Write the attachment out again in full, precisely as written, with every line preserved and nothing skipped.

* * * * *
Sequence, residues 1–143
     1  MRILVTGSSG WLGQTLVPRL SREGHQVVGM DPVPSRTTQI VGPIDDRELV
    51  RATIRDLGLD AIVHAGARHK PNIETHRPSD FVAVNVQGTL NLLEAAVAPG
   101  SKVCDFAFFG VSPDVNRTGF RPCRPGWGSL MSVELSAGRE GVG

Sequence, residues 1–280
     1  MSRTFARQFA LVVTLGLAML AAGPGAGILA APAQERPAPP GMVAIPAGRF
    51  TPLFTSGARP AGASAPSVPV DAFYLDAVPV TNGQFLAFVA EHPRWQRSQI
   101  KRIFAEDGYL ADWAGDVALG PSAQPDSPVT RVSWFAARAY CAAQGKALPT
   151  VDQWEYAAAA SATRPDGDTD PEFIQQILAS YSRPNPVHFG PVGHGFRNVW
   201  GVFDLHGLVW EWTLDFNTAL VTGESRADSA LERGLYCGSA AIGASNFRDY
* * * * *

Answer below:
Sequence, residues 1–143
     1  MRILVTGSSG WLGQTLVPRL SREGHQVVGM DPVPSRTTQI VGPIDDRELV
    51  RATIRDLGLD AIVHAGARHK PNIETHRPSD FVAVNVQGTL NLLEAAVAPG
   101  SKVCDFAFFG VSPDVNRTGF RPCRPGWGSL MSVELSAGRE GVG

Sequence, residues 1–280
     1  MSRTFARQFA LVVTLGLAML AAGPGAGILA APAQERPAPP GMVAIPAGRF
    51  TPLFTSGARP AGASAPSVPV DAFYLDAVPV TNGQFLAFVA EHPRWQRSQI
   101  KRIFAEDGYL ADWAGDVALG PSAQPDSPVT RVSWFAARAY CAAQGKALPT
   151  VDQWEYAAAA SATRPDGDTD PEFIQQILAS YSRPNPVHFG PVGHGFRNVW
   201  GVFDLHGLVW EWTLDFNTAL VTGESRADSA LERGLYCGSA AIGASNFRDY